The Quality Distribution of Jobs and the Structure of Wages in Search Equilibrium
When match formation is costly and wage determination is decentralized, privately optimal investments in job and worker quality diverge from socially efficient outcomes. To explore this issue, I consider search equilibrium environments with endogenous quality distributions for jobs and workers. I show that a search equilibrium with decentralized wage setting exhibits excessive relative supplies of inferior jobs and inferior workers. Moreover, there are fundamental tensions between the standard wage-setting condition for an efficient total supply of jobs (and workers) in two-sided search models and the conditions required for efficient mixes of jobs and workers. I also derive the efficient wage structure, contrast its properties to the decentralized wage structure and evaluate the welfare and productivity gains of moving to an efficient wage structure. Numerical exercises show that centralized bargaining between a labor union and an employer confederation over the structure of wages can improve productivity and welfare by compressing job-related wage differentials.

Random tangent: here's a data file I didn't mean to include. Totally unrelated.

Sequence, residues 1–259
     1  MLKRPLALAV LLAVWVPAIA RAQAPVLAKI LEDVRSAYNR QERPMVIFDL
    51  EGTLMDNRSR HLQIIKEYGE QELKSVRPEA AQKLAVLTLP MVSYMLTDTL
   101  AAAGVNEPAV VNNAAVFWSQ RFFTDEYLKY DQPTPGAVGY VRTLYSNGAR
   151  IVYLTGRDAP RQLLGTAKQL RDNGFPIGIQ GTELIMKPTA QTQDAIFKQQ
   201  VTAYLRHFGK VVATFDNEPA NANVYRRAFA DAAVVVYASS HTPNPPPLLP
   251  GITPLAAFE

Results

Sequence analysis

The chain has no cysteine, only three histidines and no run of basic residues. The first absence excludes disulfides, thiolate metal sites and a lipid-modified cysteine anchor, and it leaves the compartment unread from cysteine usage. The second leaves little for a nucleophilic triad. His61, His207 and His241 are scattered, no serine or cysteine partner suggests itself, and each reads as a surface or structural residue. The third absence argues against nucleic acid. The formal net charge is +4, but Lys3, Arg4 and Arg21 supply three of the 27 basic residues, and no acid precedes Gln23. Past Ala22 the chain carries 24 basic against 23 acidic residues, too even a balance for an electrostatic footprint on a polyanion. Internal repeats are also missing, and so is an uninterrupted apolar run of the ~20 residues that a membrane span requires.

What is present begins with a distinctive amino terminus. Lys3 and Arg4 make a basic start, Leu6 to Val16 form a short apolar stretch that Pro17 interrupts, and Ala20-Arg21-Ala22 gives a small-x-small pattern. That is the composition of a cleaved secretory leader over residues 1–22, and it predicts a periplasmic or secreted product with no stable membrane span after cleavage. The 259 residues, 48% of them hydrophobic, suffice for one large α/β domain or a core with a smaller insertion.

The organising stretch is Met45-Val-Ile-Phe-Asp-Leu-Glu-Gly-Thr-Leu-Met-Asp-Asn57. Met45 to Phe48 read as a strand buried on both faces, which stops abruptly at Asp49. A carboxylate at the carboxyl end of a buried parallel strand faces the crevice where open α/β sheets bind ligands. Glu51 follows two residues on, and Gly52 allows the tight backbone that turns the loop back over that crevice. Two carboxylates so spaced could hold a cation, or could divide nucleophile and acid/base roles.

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- Steven J. Davis & Magnus Henrekson, 2000.
"Wage-Setting Institutions as Industrial Policy,"
NBER Working Papers
7502, National Bureau of Economic Research, Inc.
- Henrekson, Magnus & Davis, Steven J., 2000. "Wage-Setting Institutions as Industrial Policy," Working Paper Series 529, Research Institute of Industrial Economics.
- Davis, Steven J. & Henrekson, Magnus, 2000. "Wage-setting Institutions as Industrial Policy," SSE/EFI Working Paper Series in Economics and Finance 352, Stockholm School of Economics, revised 05 Aug 2003.
- Dale T. Mortensen, 1982.
"The Matching Process as a Noncooperative Bargaining Game,"
in: The Economics of Information and Uncertainty, pages 233-258
National Bureau of Economic Research, Inc.
- Dale T. Mortensen, 1979. "The Matching Process as a Non-Cooperative/Bargaining Game," Discussion Papers 384, Northwestern University, Center for Mathematical Studies in Economics and Management Science.
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